[Originally published as the first part of How Do We Know We Can Trust the Bible?]
Recent research has revealed a serious epidemic with today’s Christian youth. So many are caught up in an unfortunate pattern that goes something like this:
- They grow up in a Christian home and attend church regularly, but they don’t receive solid biblical teaching or training regarding various worldviews.
- Their faith is challenged by evolutionary teaching when they attend public high school or college.
- Their questions and doubts go unanswered because of their complacency, lack of interest, or the failure of parents and/or church leadership to equip them with biblical grounding and a solid awareness of various worldviews.
- They fall away from their faith, and their generational Christian line is lost.
Many teens today are in Step 1 above, some are in Steps 2–3. Some may even be recovering from Step 4. Fortunately, some have not entered the cycle above because of their biblical grounding. Whatever your or your child’s current position, we encourage you to slowly and steadily read the following section about the most important book in history—the Bible.
So many people ask: Who wrote the Bible? How was the Bible put together? How do we know the Bible stories actually happened? How do we know that it has been accurately translated over the years? These are all fair questions. To start answering some of these questions, we will begin by looking at the big picture, then follow with closer look.
The big picture begins with the Bible’s 66 books (39 books in the Old Testament and 27 books in the New Testament) which were written by over 40 different authors from various walks of life, including scholars, kings, priests, shepherds, farmers, physicians, tent-makers, fishermen, and philosophers. The first books of the Bible were compiled around 1450 B.C. and the last books before A.D. 90—a timespan of about 1,500 years.
It was written in three languages: Hebrew, Aramaic, and Greek. The most important characteristic of the Bible—and one that makes it different than every other book ever published—is that it is inspired by God (2 Timothy 3:16–17 and 2 Peter 1:19–21).
Despite such a diverse background, the Bible is unlike any other book written in history in its historical accuracy, agreement with demonstrable science and archaeology, and consistency—both internally and externally. The Bible has been translated into over 2,000 languages, and ranks highest among the most widely printed and studied books in the world.
Let’s take a closer look into how the Bible it was put together
The first 39 books of the Bible (the Old Testament) were solidified and used authoritatively in its complete form by the Hebrews well before Christ. The books of the New Testament were written between about A.D. 30 and A.D. 90 and were formally “canonized” into the set of 27 books we have today sometime before the year A.D. 375 The word “canon” comes from the Greek word “kanon,” which means measuring rod. This word was used by those who officially verified an assembled set of 27 books because they stood up to the measuring tests of “divine inspiration and authority.”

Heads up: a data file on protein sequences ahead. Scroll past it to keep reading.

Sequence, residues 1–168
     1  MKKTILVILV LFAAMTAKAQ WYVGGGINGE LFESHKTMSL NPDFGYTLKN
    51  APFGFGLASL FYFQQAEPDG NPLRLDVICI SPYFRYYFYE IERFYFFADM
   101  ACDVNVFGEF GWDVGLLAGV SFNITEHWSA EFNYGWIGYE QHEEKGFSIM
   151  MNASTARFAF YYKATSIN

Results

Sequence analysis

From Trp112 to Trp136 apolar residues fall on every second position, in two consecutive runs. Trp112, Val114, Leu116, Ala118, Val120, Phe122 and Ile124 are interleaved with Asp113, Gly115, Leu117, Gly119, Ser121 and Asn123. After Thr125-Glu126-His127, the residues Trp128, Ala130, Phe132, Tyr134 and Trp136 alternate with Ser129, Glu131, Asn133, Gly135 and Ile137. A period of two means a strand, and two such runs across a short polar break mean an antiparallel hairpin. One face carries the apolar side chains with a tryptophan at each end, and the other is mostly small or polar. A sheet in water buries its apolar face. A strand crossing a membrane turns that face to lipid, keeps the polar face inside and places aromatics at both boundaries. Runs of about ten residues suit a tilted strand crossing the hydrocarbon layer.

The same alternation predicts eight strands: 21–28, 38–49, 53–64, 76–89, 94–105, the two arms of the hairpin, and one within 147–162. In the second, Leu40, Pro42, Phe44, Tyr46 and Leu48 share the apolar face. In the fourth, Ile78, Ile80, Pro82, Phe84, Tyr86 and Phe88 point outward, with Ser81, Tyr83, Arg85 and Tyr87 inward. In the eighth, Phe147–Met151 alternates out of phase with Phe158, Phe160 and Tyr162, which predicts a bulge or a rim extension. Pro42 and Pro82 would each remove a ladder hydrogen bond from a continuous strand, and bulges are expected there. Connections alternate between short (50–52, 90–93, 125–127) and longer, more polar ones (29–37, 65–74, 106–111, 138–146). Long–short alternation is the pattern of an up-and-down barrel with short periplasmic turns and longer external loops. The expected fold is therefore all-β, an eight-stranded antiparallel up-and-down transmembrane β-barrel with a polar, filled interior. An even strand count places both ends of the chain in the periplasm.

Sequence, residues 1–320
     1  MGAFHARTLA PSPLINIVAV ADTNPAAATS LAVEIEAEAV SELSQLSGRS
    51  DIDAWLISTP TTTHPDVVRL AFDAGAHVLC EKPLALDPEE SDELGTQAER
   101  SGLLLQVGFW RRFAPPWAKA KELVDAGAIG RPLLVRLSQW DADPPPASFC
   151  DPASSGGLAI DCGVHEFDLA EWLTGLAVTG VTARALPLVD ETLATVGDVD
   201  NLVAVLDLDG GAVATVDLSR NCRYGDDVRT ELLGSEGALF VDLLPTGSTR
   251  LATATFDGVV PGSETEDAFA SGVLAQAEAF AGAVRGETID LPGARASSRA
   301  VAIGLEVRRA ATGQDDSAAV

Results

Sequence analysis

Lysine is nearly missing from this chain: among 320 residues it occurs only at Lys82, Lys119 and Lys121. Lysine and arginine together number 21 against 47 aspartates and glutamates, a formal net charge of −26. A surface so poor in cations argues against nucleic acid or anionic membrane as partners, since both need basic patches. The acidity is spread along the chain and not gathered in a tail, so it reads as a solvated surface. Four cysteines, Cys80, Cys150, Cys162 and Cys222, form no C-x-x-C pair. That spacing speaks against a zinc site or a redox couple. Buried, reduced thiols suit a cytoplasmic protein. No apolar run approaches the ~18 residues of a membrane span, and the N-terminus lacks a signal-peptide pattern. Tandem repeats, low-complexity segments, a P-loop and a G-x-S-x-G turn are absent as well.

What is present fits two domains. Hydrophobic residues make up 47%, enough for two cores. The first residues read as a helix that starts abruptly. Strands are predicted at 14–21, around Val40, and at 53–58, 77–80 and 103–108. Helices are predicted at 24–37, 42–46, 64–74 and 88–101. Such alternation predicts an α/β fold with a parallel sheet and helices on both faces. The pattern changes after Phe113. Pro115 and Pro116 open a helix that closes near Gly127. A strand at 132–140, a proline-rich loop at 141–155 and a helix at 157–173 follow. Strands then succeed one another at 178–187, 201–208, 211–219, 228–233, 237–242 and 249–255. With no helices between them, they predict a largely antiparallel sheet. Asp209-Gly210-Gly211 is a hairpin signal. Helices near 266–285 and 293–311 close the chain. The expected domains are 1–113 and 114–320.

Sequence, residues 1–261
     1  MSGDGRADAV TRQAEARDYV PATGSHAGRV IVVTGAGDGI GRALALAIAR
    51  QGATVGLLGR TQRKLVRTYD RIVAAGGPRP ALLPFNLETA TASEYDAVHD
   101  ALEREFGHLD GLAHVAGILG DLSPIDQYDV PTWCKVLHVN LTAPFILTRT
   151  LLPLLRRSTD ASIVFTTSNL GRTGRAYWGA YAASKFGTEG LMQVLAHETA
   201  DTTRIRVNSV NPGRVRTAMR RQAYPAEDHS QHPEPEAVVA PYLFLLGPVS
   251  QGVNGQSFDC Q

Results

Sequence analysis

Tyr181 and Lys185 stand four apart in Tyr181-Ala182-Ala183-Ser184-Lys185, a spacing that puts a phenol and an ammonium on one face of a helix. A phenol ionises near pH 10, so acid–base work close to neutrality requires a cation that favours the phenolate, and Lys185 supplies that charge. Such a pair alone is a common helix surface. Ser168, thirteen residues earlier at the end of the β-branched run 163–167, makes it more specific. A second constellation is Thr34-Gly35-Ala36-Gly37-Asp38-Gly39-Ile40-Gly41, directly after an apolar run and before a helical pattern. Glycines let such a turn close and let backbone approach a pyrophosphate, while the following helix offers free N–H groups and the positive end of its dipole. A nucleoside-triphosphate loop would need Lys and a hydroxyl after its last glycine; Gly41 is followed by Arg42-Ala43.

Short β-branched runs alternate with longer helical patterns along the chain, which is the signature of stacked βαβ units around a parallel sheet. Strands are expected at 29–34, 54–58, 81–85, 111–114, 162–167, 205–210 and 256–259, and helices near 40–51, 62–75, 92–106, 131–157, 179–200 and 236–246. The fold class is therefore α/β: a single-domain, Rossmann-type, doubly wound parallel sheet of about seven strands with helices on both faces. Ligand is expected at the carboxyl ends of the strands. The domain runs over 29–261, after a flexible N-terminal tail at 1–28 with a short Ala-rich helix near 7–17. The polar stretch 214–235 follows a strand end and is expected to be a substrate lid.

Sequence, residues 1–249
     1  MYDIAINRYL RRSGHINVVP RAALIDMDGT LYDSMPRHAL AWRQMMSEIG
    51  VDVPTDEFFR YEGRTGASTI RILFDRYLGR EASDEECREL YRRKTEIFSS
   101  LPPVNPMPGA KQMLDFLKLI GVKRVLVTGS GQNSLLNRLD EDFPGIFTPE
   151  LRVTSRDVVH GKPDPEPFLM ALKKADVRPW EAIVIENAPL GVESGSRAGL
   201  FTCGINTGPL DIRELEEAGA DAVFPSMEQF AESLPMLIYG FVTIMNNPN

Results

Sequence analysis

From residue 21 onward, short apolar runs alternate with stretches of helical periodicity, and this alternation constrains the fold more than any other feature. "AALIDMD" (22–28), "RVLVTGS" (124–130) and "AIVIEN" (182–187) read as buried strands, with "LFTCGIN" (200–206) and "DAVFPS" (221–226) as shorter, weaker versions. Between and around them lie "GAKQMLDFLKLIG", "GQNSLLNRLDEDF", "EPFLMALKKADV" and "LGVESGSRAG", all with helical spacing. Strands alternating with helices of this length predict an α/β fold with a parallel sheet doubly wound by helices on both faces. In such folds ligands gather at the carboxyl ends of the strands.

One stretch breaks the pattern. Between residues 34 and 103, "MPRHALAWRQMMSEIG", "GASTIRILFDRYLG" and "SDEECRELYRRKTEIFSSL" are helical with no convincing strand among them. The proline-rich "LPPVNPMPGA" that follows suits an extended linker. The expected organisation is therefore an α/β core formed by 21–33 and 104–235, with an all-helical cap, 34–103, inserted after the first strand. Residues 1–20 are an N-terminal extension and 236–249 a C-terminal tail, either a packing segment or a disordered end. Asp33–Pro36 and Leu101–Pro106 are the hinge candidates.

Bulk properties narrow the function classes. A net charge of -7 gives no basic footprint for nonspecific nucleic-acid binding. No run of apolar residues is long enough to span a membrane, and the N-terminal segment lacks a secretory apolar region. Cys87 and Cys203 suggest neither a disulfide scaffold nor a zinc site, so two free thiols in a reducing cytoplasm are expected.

What led to this final “canonization” process? Theology and history books have thousands of pages on this topic. So we’ll consider just a few highlights between the time the New Testament was inspired by God through original manuscripts men wrote and assembled into the “final canon”:(2)
- Paul regarded Luke’s writings to be as authoritative as the Old Testament (1 Timothy 5:18; see also Deuteronomy 25:4 and Luke 10:7).
- Peter recognized Paul’s writings as Scripture (2 Peter 3:15–16).
- Some of the books of the New Testament were being circulated among the churches (Colossians 4:16; 1 Thessalonians 5:27).
- Clement of Rome mentioned at least eight New Testament books (A.D. 95).
- The writings of Ignatius of Antioch acknowledged about seven New Testament books (A.D. 115).
- The writings of Polycarp, a disciple of John the apostle, acknowledged 15 of the books (A.D. 108).
- Later, Irenaeus mentioned 21 New Testament books (A.D. 185).
- Hippolytus of Rome recognized 22 of them (A.D. 170–235).
Before the final set of 27 books was formally recognized, an earlier “canon” was compiled in A.D. 170. This Canon, called the Muratorian Canon, included all of the New Testament books except Hebrews, James, and 3 John. These three books were already God-inspired even though the members of the Muratorian Canon may not have recognized them as so. In A.D. 363, the Council of Laodicea stated that only the Old Testament and the 27 books of the New Testament were to be read in the churches. The Council of Hippo (A.D. 393) and the Council of Carthage (A.D. 397) also affirmed the same 27 books as authoritative.
We owe these ancient councilmen
They sifted through false gospels and other writings that early deceivers claimed were God-inspired so that later generations of Christians could trust, study, know, teach and believe in the Scriptures.
Some of the features they recognized in the canon were:
- Did the text describe mythological or pointless miracles, or genuine miracles which always accompanied and authorized a message—the Gospel?
- Did the people who lived through the events that the text describes reject those texts as being false, or accept them as having occurred as described?